Waltari used to claim that he had a tendency to write too much and be unable to excise things from the text. He said that he was therefore grateful for any suggestions for abridgements from his translators and editors, and would nearly always accept them completely. All his later voluminous novels have thus been abridged by about five, six or an even higher percent each.
This kind of editing is, no doubt, more common than you would believe, and there are many foreign authors who are not even aware that something has happened to their books in translation. Similar, if not worse, things have happened with our books when published abroad, when we have managed to check up.
Obviously, such a practice is completely unacceptable and comes quite close to an arrogation of the rights of the author. But the law is vague on that score and tends to allow changes that do not alter the artistic merit or aim of a work. [. . .]
One of these [types of editorial assistants] is – or was, as the variant has surely vanished by now – what you could term the normaliser. He was a proponent of the theory that all books should sound as if they had been written in the target language, Swedish in this case, and why not make it the Swedish of Stockholm, just for good measure. That’s his problem. But such an editor will then go on to think that it becomes pretty unpleasant for the reader to come across rare or difficult words and expressions, however Swedish they may be. These words have to be simplified and aligned. Here, the fact that the original author may have wanted to express himself in an unusual way, even in a convoluted or stilted manner, is no excuse. You have to explain what he really means. – This problem area is adjacent to another: have you the right to improve the text, however tempting this may be, without consulting the author? No, you haven’t.
Not sure that I agree that “the normaliser” really has vanished from the publishing scene, but I agree that translations should contains some “strange” phrasings . . .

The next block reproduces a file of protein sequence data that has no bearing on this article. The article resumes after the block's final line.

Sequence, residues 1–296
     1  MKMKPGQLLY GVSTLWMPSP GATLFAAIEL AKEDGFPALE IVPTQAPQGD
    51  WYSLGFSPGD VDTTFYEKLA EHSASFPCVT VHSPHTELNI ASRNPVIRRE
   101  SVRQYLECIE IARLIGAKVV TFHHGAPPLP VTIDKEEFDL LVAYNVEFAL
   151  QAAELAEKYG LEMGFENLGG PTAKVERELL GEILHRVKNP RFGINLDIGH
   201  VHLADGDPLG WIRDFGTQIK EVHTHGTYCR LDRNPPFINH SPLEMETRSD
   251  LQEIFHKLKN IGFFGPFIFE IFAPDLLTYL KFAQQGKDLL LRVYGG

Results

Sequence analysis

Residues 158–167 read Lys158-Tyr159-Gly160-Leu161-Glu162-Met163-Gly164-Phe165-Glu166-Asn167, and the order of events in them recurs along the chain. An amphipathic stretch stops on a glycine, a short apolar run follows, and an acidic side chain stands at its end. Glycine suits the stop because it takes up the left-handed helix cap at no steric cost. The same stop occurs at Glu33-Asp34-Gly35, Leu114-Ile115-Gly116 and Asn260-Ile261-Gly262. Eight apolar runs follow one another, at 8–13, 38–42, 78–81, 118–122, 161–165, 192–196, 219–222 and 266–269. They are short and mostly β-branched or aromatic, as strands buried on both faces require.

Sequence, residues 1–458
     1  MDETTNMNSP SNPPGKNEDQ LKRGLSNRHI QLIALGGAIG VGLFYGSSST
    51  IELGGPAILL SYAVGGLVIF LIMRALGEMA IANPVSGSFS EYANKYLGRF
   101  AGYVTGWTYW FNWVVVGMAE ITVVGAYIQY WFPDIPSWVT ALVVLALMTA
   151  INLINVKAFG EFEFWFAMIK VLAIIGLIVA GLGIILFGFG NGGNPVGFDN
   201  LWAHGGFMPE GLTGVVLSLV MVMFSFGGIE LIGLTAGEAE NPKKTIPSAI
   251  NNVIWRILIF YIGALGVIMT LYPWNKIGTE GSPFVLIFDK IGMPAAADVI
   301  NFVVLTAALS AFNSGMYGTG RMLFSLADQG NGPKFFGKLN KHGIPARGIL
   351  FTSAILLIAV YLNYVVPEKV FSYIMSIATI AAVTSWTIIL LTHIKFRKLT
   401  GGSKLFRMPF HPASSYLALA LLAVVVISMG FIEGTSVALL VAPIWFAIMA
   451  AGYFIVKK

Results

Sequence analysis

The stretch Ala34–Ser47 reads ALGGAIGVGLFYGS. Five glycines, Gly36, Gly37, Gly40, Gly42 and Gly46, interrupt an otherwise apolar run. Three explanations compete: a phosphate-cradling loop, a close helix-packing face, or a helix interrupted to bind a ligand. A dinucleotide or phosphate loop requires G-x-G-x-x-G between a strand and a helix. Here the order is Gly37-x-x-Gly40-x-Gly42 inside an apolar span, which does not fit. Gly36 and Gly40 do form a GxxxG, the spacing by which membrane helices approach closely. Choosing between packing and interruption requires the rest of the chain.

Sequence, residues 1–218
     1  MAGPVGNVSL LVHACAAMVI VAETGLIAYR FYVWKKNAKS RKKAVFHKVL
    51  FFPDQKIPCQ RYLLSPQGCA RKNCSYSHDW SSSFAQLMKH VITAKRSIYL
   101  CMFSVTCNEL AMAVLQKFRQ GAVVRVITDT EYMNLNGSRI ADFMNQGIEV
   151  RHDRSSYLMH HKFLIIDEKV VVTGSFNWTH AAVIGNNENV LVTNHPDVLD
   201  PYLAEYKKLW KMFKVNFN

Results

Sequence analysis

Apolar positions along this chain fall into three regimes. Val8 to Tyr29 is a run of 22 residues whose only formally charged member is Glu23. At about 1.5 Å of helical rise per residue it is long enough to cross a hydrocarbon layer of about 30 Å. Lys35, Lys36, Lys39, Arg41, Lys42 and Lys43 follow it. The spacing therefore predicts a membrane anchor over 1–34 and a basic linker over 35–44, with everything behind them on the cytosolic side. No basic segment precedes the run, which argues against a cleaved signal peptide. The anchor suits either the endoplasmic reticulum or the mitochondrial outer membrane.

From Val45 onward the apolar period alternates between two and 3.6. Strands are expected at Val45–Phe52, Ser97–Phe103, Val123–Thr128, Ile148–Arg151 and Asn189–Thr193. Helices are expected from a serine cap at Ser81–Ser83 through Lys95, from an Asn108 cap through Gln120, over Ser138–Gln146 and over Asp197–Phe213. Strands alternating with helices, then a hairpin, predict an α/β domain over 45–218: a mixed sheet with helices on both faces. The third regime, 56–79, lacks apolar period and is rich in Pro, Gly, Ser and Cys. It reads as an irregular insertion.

Founded in 1960 by such creative pioneers as George Perec, Raymond Queneau and Italo Calvino, the Oulipo, shorthand for Ouvroir de littérature potentielle, came about in when a group of writers and mathematicians sought constraints to find new structures and. . .
There’s little to say about a series of prose poems that willfully refuse to identify pronoun antecedents. Or perhaps there are a million things. The poems in Morse, My Deaf Friend— the chapbook by Miloš Djurdjević published by Ugly Duckling. . .
The Crimson Thread of Abandon is the first collection of short fiction available in English by the prolific Japanese writer and all-around avant-garde trickster Terayama Shūji, who died in 1983 at the age of 47. This collection would be important. . .
Last year, NYRB Classics introduced English-language readers to Catalan writer Josep Pla with Peter Bush’s translation of The Gray Notebook. In that book, Pla wrote about life in Spain during an influenza outbreak soon after World War I, when. . .
“Your bile is stagnant, you see sorrow in everything, you are drenched in melancholy,” my friend the doctor said.
bq. “Isn’t melancholy something from previous centuries? Isn’t some vaccine against it yet, hasn’t medicine taken care of it yet?” I. . .
What to make of Vano and Niko, the English translation of Erlom Akhvlediani’s work of the same name, as well as the two other short books that comprise a sort of trilogy? Quick searches will inform the curious reader that. . .
The opening of Jón Gnarr’s novel/memoir The Indian is a playful bit of extravagant ego, telling the traditional story of creation, where the “Let there be light!” moment is also the moment of his birth on January 2nd, 1967. Then. . .